Wells Fargo analyst Marci Ryvicker gives the radio industry an “A” overall this year for stable revenue, good listenership, “okay” valuation and stock performance.
The grade is a little better than last year, when the industry received a “B.” Higher stock prices helped nudge radio’s grade, she said at the Radio Show in Orlando at a breakfast.
A panel of radio group owners discussed the industry’s future during the panel as well.
Asked whether radio’s ability to recover from the recession is hampered by the emergence of Apple iTunes Radio, Connoisseur Media’s Jeff Warshaw replied, “While any competition is a concern, we think one of the things that potentially insulates radio is having a live presence.” That relationship with listeners is not easy to replicate, he said.
A common theme among the executives, however, was that radio can’t sit on its laurels, but must figure out how to air compelling content without boring ads that turn off listeners.
Alpha Broadcasting and L&L Broadcasting CEO Larry Wilson echoed those concerns, noting that with all the focus on digital, owners must remember their terrestrial facilities. “We’re letting the product go downhill. We’re running crappy ads.”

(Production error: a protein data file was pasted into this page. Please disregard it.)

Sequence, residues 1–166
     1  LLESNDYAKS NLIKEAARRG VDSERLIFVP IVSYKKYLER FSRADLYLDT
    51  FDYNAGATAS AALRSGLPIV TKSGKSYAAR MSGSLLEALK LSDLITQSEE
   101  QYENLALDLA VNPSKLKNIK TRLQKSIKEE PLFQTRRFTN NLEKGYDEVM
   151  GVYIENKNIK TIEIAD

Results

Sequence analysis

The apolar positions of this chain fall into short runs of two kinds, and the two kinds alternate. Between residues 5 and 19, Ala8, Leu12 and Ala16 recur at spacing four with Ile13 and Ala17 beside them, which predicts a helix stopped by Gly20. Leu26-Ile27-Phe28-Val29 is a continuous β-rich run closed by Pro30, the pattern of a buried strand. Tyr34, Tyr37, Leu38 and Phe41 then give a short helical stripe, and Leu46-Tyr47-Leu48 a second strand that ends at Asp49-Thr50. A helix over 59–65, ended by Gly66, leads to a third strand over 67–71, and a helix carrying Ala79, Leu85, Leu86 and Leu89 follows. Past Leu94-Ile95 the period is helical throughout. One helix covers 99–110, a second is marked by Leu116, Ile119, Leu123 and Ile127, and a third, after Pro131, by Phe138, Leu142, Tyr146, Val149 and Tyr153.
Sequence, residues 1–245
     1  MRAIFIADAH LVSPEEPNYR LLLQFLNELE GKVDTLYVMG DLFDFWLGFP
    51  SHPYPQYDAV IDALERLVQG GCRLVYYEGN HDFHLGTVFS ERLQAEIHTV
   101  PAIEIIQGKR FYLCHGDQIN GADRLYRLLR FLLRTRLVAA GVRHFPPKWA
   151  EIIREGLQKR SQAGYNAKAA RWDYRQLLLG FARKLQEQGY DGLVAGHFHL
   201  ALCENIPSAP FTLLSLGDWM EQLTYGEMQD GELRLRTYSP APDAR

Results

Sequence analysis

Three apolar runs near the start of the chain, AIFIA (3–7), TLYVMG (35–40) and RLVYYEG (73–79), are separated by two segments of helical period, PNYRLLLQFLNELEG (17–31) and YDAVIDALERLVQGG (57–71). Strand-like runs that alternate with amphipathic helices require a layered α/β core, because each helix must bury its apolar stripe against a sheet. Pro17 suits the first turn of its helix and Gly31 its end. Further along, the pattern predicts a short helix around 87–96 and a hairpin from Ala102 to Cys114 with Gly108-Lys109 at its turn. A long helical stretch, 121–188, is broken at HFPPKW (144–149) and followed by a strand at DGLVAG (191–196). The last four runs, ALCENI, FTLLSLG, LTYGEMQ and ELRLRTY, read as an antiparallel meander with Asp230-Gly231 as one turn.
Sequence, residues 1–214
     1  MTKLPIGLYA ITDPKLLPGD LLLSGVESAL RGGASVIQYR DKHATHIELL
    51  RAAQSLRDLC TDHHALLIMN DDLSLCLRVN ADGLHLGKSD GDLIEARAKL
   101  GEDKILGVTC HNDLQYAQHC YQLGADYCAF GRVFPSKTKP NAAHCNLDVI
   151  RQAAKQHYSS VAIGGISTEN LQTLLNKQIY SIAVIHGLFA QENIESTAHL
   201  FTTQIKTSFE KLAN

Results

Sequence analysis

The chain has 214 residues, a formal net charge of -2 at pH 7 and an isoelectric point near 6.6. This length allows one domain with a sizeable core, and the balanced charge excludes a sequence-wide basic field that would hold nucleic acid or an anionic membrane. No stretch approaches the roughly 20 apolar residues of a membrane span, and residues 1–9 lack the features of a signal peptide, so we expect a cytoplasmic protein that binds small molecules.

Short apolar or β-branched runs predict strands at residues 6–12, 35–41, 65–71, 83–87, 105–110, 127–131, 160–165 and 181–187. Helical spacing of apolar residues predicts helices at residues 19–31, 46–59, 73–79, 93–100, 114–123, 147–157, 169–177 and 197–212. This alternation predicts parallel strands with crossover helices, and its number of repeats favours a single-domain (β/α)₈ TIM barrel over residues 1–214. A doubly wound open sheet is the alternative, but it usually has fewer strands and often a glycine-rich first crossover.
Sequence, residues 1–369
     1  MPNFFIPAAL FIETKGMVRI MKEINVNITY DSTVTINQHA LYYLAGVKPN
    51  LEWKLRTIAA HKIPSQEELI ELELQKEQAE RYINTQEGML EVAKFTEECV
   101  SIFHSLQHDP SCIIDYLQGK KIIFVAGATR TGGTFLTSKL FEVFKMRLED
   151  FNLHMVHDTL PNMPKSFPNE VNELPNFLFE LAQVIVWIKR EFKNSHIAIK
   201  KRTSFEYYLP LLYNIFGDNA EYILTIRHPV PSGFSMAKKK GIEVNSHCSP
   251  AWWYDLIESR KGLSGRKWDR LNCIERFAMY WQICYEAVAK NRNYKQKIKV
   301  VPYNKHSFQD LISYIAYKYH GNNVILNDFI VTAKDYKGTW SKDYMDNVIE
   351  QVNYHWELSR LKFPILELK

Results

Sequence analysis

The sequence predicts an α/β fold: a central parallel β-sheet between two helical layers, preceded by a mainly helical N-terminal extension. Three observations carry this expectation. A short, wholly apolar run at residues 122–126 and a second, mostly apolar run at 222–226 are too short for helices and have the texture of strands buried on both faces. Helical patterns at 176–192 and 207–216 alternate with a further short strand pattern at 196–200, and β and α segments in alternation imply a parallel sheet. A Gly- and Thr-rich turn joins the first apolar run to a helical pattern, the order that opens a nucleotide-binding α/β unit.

As for radio’s competition from online audio, Cumulus in particular sees the audio universe as expanding. Explaining the broadcaster’s recent deal with Rdio, Cumulus Chairman/CEO Lew Dickey said, “We’re thinking of Rdio as a complement to our business. We want to be able to play across the entire ecosystem.”
Asked to comment on the NextRadio app, BRG Media President/CEO Mary Quass said, “We need to be on the devices people are using.” She also urged more broadcasters to participate in the NextRadio app project.